Sublimity of Horror Architecture – Revitalizing a Nuclear Power Plant
Master Thesis by: Fan Pan – M.Arch / Thesis Advisor: David Gill
This project explores and offers a solution for the decommissioned Rancho Seco Nuclear Power Plant so that it may serve the public. After equipment related to the production of nuclear power is removed, the shell structure, designed to adapt to large machinery, sits empty and underutilized. This over-sized and surreal structure creates a sense of fear for visitors, forcing people to be aware of its presence. This proposal capitalizes on both what the power plant once was as well as its potential to transform into a landscape that engages with the public.
The proposed architectural solution breaks down the huge and non-human scale by introducing a series of unique experiences through new programs that focus on recreation, education, and research. The existing cooling towers incorporate additional programs that engage with the surrounding landscape.These programs include, more specifically, energy and climate research labs for science, exhibitions for education, bicycling and camping for recreation, a green economy matrix for businesses, and conference centers for political discussions. With architecture as the mediating platform, these programs will create a chance for people who are not familiar with the site and with energy production. People can gain knowledge on these important topics while, at the same time, interfacing with experts from different disciplines who are working together to develop sustainable solutions for our current and future energy needs.
Nuclear Power Plant Cooling Towers
Our ability to control the energy-generating process of nuclear energy has led to the use of nuclear power plants throughout the world. Since the nuclear energy-generating process produces a large amount of heat that requires an enormous body of water to cool down the system, huge cooling towers are constructed to cool down the heated water before releasing it into the environment. Cooling towers have become part of the nuclear power plant typology, and they are now an icon of nuclear power plants. The cooling towers, the representation of nuclear power plants, serve as a warning to people about the danger of nuclear energy and a reminder of the horrors associated with nuclear meltdowns.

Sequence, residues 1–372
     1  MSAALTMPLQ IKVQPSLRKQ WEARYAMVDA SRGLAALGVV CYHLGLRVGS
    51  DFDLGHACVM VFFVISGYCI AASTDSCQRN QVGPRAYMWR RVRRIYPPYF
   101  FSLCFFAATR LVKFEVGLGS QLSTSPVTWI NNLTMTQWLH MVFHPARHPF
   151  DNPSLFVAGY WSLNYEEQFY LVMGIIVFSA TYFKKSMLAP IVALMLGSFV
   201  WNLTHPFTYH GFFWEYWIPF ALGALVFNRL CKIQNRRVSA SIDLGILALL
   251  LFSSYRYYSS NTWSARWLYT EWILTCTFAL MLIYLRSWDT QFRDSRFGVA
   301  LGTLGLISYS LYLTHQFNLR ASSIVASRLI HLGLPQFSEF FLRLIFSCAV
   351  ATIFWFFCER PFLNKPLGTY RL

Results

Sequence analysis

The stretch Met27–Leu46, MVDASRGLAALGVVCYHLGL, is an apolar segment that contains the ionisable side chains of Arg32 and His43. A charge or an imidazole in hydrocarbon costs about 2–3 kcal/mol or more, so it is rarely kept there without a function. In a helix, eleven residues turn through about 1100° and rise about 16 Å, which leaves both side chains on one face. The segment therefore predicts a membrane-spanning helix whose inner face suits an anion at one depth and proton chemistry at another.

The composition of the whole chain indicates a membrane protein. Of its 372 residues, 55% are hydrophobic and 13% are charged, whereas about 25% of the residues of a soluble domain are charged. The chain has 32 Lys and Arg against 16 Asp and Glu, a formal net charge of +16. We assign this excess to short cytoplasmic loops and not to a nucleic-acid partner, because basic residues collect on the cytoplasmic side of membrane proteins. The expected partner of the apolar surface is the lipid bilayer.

This thesis exploits the horror associated with nuclear power plant architecture and proposes a design to shift from horror to sublime. The chosen site, Rancho Seco Nuclear Power Plant, first opened in 1974, the year of the Arab nations’ oil embargo against the U.S. ended. It was put into operation to provide electricity for the increasing number of Sacramento County residents, and was decommissioned in 2009. Now that this industrial area is no longer using uranium to produce electricity, the heavy structures are left empty.
The remaining structure on site includes the cleaned-up reactor unit, two cooling towers, and a few office buildings. In addition to master-planning the surrounding landscape, the main design focuses on reutilizing the cooling towers. The site is vast, and the enormous scale of the towers awes the visitors at first sight. The original radioactive function alerts visitors about its destructive potential and its incredible electricity-generating ability.